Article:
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Chinese Religions Unit

Call for Proposals

All proposals for both panels and papers are welcome and will be given careful consideration. We encourage panel organizers to take various forms of diversity into account, including race, gender, rank, kind of institution, region, etc., for presenters and respondents. For gender diversity, you can look for participants in the database Women in the Study of Asian Religions (http://libblogs.luc.edu/wisar/). Please feel free to direct any general questions about panel and paper submissions to the co-chairs.

If you wish to contribute to the following themes, please get in touch with the contact person attached to the theme:

  • Open Access Resources in the Study of Chinese Religions, Katherine Alexander (katherine.alexander@colorado.edu)

  • Feminism and Gender Activism in Chinese Religions, Ting Guo (tg.guo@utoronto.ca)

  • A Roundtable in Honor of Daniel Overmyer, Shin-yi Chao (s.chao@rochester.edu)

  • A Roundtable in Honor of Dan Stevenson's Retirement, Jimmy Yu (jyu2@fsu.edu)

  • Ignorance as Catastrophe: How do Chinese Religious Traditions Promote Knowledge?, Alex Hsu (ahsu@nd.edu)
    The religious traditions of China style themselves as holistic pedagogies -- learnings (xue), teachings (jiao), methods (fa), and ways (dao) -- and knowledge (zhi), embodied in certain persons, texts, and practices, plays an important role in what they seek to develop and promote. How do these traditions conceptualize the lack or loss of knowledge? When, where, and for whom does an absolute deficit of knowledge pose a soteriological, social, or cosmic problem we might correctly recognize as catastrophic? What kind of catastrophe is it? And, when ignorance becomes catastrophe, what forms and kinds of knowledge are touted as solutions, and how are they cultivated and communicated? Philological, philosophical, historical, and ethnographic approaches are all welcomed; entries may also include reflections on our professions as scholars, teachers, and global citizens in a world where all varieties of knowing and unknowing proliferate.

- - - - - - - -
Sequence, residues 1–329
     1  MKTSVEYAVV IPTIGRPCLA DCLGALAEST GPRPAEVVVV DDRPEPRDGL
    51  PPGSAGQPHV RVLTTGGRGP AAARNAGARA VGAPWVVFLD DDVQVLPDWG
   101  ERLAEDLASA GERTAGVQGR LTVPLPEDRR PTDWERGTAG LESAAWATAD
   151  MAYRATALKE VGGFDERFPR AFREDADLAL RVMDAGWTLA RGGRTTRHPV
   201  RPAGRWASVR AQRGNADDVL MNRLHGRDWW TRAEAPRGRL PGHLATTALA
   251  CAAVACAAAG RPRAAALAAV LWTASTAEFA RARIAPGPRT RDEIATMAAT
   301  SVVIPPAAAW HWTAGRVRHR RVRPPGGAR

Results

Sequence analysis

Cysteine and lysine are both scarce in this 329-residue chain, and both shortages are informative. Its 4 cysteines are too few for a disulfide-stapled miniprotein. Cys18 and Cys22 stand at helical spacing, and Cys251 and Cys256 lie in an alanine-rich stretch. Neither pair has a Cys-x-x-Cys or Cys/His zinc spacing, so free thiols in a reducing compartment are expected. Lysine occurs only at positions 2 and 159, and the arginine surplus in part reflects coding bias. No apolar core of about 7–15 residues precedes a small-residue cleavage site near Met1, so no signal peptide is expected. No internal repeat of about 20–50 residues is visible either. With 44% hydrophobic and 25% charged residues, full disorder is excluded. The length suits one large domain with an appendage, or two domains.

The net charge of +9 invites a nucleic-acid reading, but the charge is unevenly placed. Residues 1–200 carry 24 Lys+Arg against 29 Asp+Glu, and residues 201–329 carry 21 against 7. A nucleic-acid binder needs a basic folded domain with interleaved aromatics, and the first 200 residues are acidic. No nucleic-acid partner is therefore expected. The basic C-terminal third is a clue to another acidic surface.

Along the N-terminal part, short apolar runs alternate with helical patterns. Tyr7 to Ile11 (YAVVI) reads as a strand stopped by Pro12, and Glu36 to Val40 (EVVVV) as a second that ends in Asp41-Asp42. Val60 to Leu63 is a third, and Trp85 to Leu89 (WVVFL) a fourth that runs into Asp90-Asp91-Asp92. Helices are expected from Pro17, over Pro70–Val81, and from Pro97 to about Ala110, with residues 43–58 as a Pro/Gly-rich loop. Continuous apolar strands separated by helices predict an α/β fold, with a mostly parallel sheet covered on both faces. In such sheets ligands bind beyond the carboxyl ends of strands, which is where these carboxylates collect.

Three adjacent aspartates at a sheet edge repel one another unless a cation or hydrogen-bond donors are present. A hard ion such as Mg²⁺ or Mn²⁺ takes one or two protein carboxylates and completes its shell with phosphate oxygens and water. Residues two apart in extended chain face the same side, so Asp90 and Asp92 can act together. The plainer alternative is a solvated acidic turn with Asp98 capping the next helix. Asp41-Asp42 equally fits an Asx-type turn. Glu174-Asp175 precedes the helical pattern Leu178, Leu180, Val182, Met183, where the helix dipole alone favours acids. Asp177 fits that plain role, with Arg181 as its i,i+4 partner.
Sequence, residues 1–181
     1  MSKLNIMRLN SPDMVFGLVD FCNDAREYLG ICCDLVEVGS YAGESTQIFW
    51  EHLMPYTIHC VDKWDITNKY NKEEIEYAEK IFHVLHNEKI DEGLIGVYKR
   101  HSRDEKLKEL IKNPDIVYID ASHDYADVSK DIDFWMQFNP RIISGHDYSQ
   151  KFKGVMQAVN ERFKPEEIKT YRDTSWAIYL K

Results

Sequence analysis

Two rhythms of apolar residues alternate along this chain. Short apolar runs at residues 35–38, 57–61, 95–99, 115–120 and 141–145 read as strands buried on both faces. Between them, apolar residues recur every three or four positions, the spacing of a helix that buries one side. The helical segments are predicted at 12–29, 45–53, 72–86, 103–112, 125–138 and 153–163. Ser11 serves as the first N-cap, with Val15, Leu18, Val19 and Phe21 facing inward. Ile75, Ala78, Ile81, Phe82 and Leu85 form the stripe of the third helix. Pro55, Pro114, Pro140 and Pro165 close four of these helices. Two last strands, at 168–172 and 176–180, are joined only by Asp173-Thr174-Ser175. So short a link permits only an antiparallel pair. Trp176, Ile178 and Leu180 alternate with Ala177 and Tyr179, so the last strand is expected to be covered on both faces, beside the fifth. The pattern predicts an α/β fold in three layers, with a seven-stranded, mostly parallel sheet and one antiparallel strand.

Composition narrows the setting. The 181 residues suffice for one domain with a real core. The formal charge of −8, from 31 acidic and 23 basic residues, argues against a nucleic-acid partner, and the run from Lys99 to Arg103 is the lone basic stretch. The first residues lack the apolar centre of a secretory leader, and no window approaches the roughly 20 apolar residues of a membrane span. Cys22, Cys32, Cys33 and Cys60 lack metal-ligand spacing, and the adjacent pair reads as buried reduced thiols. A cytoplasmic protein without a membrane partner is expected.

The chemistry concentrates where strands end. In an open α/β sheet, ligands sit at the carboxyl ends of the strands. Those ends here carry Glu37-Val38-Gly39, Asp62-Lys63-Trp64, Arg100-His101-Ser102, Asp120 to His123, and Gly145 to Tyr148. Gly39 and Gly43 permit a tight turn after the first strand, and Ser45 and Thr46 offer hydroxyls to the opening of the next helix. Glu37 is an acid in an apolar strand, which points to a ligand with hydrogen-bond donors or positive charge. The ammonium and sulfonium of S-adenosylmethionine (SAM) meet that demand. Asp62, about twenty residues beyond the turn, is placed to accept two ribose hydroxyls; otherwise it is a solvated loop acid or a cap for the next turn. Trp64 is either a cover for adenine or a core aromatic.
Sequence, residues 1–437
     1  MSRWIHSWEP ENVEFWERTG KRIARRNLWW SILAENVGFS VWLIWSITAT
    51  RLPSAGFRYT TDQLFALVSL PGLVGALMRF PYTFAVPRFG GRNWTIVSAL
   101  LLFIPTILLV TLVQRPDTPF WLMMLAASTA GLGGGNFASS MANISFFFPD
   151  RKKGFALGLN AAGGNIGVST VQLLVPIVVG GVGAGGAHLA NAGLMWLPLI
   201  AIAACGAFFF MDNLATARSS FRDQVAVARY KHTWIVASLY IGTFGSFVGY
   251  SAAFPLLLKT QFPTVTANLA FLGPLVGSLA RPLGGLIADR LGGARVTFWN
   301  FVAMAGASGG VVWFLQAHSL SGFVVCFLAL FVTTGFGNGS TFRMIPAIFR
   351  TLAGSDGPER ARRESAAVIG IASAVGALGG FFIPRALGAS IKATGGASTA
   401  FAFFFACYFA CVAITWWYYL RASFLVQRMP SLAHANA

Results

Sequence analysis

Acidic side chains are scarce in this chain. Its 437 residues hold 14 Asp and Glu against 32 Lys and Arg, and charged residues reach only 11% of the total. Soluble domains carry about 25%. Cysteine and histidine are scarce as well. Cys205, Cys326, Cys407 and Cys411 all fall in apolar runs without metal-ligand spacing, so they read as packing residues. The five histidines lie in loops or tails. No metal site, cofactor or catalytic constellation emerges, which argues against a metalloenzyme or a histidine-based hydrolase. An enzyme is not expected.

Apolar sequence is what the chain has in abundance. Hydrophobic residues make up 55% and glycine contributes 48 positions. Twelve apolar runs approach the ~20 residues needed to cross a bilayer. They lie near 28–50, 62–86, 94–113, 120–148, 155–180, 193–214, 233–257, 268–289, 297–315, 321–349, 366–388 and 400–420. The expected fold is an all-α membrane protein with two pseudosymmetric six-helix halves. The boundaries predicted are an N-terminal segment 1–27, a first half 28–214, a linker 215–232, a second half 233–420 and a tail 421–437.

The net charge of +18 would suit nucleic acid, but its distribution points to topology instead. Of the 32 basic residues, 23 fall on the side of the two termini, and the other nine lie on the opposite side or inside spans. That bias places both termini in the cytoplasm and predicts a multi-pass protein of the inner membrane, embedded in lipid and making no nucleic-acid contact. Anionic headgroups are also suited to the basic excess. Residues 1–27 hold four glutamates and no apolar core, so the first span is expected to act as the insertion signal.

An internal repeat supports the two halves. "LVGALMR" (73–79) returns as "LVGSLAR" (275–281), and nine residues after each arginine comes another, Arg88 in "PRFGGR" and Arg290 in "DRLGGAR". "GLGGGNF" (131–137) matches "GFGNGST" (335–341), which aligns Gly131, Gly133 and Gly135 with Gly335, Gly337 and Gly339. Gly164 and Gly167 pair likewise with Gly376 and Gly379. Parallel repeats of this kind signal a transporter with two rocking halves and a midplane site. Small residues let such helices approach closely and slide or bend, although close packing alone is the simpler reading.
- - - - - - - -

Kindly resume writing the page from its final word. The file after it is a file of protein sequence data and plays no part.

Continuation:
• Interactions and Competition between Popular Sects and Christian Traditions in Late Imperial China, Nikolas Broy (nikolas.broy@uni-leipzig.de)

  • Chinese virtual sangha and their Buddhist response to the pandemic in North America, Xiao Han (han.xiao@courrier.uqam.ca)
    How has the digital environment provided Chinese, or more broadly speaking, Asian Buddhist communities with new means to form virtual sangha, to communicate dharma, to conduct online rituals and funerals, to represent their Buddhist linage and to maintain transnational Buddhist networks? What have been the discourses of Pandemic and Buddhism since 2020? How online are Asian Buddhist communities in North America where their presence has increased – especially since the outset of Covid-19 –, enabling the bringing together of communities, soothing hearts, and providing meanings in the lives of isolated individuals?

Statement of Purpose

This Unit is dedicated to the academic, comparative study of Chinese religions in all forms, both historical and contemporary. The Unit makes every effort to recognize Chinese voices in religious practice as well as scholarship, and applies rigorous standards of linguistic, cultural, historical, and social-scientific understanding to the study of religion in China.

Chairs

Steering Committee Members

Method

PAPERS

Review Process

Proposer names are visible to chairs but anonymous to steering committee members

Review Process Comments

We plan to maintain the system in which co-chairs see proposer names so that the co-chairs can make sure the accepted panels have sufficient diversity.